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Singapore Airshow 2018: Over 14,000 new aircraft needed in Asia-Pacific over the next 20 years, says Airbus
THE Asia-Pacific will need about 14,450 new planes valued at US$2.3 trillion over the next two decades as passenger traffic in the region is set to triple, Airbus projects.
With passenger traffic slated to expand at 5.6 per cent annually, outstripping the global average of 4.4 per cent, the Asia-Pacific fleet will grow from 6,100 planes today to nearly 17,000 in 20 years.
The new orders from the region will account for roughly 40 per cent of global demand. Of the 14,450 planes, the European aircraft maker estimates that 9,800 will be in the single aisle category, while there will be demand for 4,000 widebodies and 650 very large aircraft.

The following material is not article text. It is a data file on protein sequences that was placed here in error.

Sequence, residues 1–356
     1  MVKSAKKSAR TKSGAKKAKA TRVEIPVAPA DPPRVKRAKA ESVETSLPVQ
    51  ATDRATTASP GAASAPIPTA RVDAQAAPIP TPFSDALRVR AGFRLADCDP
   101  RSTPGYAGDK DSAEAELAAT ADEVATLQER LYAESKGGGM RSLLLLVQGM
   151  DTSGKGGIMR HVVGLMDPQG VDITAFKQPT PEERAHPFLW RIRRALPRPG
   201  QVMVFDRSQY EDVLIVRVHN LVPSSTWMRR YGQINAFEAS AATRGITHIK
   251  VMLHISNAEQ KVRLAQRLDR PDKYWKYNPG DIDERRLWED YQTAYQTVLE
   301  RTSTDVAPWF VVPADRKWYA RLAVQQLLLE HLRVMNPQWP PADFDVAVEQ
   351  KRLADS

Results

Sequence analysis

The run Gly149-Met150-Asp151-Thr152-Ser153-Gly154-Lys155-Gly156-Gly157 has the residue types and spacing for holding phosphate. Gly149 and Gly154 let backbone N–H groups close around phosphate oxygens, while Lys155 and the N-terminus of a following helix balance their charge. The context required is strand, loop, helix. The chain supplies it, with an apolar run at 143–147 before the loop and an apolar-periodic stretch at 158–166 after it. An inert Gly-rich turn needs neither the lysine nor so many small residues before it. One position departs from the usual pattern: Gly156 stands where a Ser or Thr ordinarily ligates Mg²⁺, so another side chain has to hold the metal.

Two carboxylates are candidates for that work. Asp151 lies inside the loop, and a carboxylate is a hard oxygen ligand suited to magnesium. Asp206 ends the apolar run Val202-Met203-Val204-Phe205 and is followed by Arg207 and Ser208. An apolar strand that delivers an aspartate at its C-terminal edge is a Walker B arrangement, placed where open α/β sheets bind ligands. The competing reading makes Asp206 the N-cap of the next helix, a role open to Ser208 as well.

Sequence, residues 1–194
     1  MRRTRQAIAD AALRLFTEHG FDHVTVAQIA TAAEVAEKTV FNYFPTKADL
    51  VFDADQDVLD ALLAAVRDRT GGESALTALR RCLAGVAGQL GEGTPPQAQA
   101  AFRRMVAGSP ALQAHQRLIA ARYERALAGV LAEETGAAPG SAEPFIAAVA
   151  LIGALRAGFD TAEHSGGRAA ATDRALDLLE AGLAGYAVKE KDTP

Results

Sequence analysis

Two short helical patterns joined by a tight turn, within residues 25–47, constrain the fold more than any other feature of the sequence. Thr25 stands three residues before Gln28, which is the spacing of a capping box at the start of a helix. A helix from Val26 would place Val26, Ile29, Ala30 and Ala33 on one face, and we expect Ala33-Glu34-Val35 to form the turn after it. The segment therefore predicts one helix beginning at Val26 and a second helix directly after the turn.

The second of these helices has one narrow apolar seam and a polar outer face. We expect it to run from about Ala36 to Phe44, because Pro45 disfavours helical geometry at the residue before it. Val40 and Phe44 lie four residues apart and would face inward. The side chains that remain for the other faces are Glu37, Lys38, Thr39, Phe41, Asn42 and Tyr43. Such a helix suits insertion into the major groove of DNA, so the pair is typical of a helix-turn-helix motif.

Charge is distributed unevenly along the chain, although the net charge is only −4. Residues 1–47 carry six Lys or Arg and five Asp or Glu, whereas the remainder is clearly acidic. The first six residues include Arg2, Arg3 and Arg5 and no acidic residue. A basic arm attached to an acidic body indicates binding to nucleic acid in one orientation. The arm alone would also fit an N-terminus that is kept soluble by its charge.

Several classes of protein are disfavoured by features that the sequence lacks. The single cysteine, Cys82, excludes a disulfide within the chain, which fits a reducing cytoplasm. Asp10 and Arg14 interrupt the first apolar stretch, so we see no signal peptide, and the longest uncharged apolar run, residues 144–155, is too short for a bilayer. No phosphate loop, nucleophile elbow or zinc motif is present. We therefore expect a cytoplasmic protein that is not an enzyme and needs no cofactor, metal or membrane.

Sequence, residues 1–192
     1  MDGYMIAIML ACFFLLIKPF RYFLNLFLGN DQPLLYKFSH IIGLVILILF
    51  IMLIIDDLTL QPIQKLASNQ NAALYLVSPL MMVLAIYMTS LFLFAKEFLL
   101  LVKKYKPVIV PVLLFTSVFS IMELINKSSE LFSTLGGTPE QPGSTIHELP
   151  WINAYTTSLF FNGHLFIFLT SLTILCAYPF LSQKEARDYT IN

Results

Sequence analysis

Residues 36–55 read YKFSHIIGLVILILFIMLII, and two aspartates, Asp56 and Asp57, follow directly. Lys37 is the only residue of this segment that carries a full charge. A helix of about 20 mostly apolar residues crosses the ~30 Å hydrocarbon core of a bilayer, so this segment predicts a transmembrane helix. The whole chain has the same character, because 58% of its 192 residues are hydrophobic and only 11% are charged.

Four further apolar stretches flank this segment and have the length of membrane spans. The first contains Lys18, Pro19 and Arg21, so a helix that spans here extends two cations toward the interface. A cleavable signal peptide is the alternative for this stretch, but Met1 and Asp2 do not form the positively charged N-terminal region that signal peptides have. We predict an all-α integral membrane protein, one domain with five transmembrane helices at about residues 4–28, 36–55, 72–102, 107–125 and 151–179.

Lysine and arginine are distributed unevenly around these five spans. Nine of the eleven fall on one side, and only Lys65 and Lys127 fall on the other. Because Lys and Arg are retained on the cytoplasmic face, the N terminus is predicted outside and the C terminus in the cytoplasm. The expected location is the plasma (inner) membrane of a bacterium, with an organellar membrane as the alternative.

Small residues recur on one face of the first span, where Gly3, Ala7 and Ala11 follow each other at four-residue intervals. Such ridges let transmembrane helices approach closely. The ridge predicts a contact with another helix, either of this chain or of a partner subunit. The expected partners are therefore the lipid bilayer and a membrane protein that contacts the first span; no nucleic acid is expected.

"There is no doubt that Asia-Pacific is a core market for Airbus," said Eric Schulz, Airbus' new executive VP for sales, marketing and contracts. "With traffic tripling over the next 20 years, and some of the highest growth rates, the Asia-Pacific region will by far be the world's largest aviation market."
Mr Schulz, a former Rolls-Royce executive, took over from veteran salesman John Leahy in January.
Emirates' recent order for 20 A380s with an option for 16 more - seen as a lifeline for the jumbo jet programme - will stabilise production for the A380, Mr Schulz told reporters at a briefing at the Singapore Airshow. He also said that the European plane-maker is considering increasing the production rate for its in-demand single-aisle products, but added that no decision had been made as yet.
Last year, Airbus delivered 367 new planes to 50 operators in the Asia-Pacific last year, which was more than half the aircraft it delivered worldwide.
The European planemaker's total backlog for this region stands at over 2,000 - or a third of its total backlog. According to Airbus, it pipped rival Boeing to win 65 per cent of the new orders from this region last year, with 100 new aircraft orders.